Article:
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Ecommerce: Navigating Complexity vs. Simplicity in Online Business

Ecommerce is all about the buying and selling of goods and services over the internet and allowing customers to purchase from the comfort of their own home or office.

A crucial decision-making point arises in ecommerce: how to strike the right balance between complexity and simplicity in designing online shopping experiences and the implementation of existing business rules

Knowing how complex/simple your product line up is and how complex your business rules are will guide you to an appropriate platform for your needs.

Understanding Ecommerce Complexity:

Ecommerce platforms vary greatly in terms of complexity. At one end of the spectrum are simple, user-friendly interfaces that emphasize ease of use.

If you are selling items such as off-the-shelf clothing, footwear, sports equipment etc that customers can easily select themselves from a range of standard options then a simple ecommerce platform is very likely so suit your purpose.

The look and feel of your site can still be customised and you will find a great range of plugin integrations (often for an additional monthly charge) to integrate with your accounting, shipping and stock applications.

Examples of more simple platforms are the SaaS offerings from Wix & Shopify. These platforms streamline the purchasing process, allowing customers to quickly find products, add them to their cart, and complete the transaction with minimal steps.

The other advantages that they offer are hosting included and managed in a flat monthly charge, system upgrades are automatic and part of the hosting.

The drawback is that you may need to tailor your site to suit the platform you have chosen - if you have complex business rules that you need to implement around pricing, shipping, availability etc you are unlikely to be able to implement them on one of these more simple platforms.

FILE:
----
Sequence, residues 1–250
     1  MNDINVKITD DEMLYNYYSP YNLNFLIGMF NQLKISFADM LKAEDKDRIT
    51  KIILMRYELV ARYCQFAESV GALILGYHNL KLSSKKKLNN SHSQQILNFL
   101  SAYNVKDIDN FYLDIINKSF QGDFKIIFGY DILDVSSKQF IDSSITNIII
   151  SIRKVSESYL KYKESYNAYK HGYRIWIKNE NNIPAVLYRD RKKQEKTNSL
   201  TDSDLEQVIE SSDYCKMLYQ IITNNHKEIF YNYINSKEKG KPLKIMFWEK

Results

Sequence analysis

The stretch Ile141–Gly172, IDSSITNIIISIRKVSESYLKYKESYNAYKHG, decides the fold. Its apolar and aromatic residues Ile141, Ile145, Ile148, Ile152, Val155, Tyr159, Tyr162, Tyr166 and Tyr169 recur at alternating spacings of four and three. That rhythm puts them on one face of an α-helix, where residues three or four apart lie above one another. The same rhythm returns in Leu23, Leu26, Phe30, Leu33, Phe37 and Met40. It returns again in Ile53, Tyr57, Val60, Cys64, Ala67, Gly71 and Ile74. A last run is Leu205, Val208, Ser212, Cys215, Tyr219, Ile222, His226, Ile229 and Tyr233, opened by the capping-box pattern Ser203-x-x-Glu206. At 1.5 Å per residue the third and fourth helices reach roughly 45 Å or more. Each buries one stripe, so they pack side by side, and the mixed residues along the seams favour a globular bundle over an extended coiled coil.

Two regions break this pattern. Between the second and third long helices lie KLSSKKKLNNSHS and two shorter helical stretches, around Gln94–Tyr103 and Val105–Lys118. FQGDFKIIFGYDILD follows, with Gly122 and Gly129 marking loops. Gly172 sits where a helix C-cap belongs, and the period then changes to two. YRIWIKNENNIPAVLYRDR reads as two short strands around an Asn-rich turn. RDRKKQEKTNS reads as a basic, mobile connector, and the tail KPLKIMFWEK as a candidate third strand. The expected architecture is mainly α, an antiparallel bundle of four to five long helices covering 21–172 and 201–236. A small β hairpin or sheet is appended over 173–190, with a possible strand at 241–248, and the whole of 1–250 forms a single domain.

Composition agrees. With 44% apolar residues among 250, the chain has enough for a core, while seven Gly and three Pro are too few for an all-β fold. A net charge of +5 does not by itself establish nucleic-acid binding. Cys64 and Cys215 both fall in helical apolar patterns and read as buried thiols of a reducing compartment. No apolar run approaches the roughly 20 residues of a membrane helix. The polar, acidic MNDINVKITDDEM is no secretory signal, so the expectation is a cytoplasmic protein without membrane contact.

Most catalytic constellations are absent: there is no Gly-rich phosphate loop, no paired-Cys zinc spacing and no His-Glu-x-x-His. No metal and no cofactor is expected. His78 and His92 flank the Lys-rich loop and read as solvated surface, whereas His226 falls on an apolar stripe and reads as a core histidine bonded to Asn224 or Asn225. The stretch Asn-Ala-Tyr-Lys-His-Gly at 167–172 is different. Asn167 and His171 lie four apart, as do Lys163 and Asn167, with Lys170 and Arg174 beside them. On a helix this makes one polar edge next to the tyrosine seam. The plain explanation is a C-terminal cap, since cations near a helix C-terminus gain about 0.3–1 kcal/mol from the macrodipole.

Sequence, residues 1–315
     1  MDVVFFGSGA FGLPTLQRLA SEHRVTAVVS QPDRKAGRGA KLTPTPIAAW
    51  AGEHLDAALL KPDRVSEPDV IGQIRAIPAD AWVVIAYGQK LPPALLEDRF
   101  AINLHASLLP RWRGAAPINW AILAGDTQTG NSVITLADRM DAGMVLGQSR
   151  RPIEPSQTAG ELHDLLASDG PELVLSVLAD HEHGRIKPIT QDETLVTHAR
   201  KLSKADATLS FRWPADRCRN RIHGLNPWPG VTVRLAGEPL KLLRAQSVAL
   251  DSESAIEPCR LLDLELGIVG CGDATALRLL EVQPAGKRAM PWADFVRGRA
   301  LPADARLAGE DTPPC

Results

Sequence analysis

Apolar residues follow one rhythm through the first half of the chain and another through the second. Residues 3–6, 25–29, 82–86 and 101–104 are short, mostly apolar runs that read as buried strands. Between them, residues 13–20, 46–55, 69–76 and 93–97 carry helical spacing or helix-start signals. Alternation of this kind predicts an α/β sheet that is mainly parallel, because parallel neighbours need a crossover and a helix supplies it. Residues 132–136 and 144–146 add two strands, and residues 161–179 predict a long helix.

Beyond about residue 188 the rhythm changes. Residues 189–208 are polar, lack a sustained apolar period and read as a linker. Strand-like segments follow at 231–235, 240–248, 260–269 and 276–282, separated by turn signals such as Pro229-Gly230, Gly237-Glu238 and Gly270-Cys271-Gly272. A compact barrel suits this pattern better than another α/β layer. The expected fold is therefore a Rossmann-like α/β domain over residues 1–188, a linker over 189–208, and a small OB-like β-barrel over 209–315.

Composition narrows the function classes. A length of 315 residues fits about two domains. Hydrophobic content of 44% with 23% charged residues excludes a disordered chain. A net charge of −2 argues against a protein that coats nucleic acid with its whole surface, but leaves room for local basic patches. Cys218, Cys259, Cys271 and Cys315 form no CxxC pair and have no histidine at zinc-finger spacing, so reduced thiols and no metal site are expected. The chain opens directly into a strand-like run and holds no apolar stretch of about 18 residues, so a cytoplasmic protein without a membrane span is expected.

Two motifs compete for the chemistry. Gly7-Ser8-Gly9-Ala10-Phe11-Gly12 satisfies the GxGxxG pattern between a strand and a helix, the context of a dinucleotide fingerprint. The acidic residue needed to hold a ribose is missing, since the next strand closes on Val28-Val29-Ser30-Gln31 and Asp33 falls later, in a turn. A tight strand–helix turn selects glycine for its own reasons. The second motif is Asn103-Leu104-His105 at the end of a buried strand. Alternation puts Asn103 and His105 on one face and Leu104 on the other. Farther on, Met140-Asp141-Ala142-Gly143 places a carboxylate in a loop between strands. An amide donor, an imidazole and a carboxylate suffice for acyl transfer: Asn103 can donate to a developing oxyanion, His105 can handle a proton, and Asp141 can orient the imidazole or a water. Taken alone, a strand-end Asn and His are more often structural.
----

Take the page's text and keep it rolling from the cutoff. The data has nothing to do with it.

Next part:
You will win big in speed of set up, low ongoing costs and a range of available plugins and the savings in terms of speed to market and cost can make it worth sacrificing flexibility and power.

When opting for one of these platforms you should be aware that you are also trading some freedom. The data of your site lives on their platform and not all of it will be exportable should you wish to migrate to a new platform as your business needs change.

At the other end of the spectrum are more complex, often open source, platforms that offer a plethora of features like personalized recommendations, advanced search filters, complex inventory management systems and the freedom to implement any rules, logic and designs that you choose.

If your business can't fit into one of the simpler SaaS

The Allure of Simplicity:

Simplicity in ecommerce design has significant advantages. A straightforward and intuitive interface caters to a wider audience, including those who might not be tech-savvy. It reduces the learning curve, making it more likely for users to make purchases without frustration. Simple layouts, clear navigation, and concise product descriptions guide customers through their shopping journey, fostering a positive experience that encourages repeat business.

The Temptation of Complexity:

Introducing complexity should be a deliberate decision based on actual business & customer needs - adding complexity is very tempting, but it may not be as rewarding as simplicity.

Simplicity has its merits but complexity can offer unique advantages for certain businesses. If you can use one of the simpler systems you will save money, have a wider range of easy plugins to augment your site. If your business rules only exist for historical reasons and you can eradicate them then making the effort to do that can be the best route forward for your web presence.

However, that can lead to some very tough conversations with both staff and existing customers and may not even be desirable, or even possible for your product line up.

If your business rules and strategies are core to your business and they don't fit into a SaaS then you should look at a platform that will allow you to implement them.

Additionally, complex ecommerce platforms are better suited for businesses dealing with a wide range of products and intricate inventory management needs.

Businesses operating in specialized niches, industries where customers have specific requirements and businesses that are large and wants full control over their customer data, integrations and future direction should look to a more complex platform

Below is a quick outline of the main 3 platforms that we work with.